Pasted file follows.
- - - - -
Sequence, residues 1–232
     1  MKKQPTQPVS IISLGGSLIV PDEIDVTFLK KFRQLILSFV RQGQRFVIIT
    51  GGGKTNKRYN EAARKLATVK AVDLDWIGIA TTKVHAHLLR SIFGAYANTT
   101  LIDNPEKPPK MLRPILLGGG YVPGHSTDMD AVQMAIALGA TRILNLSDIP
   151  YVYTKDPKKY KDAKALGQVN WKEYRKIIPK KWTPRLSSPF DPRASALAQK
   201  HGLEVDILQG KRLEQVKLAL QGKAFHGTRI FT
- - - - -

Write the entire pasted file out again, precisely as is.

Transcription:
Sequence, residues 1–232
     1  MKKQPTQPVS IISLGGSLIV PDEIDVTFLK KFRQLILSFV RQGQRFVIIT
    51  GGGKTNKRYN EAARKLATVK AVDLDWIGIA TTKVHAHLLR SIFGAYANTT
   101  LIDNPEKPPK MLRPILLGGG YVPGHSTDMD AVQMAIALGA TRILNLSDIP
   151  YVYTKDPKKY KDAKALGQVN WKEYRKIIPK KWTPRLSSPF DPRASALAQK
   201  HGLEVDILQG KRLEQVKLAL QGKAFHGTRI FT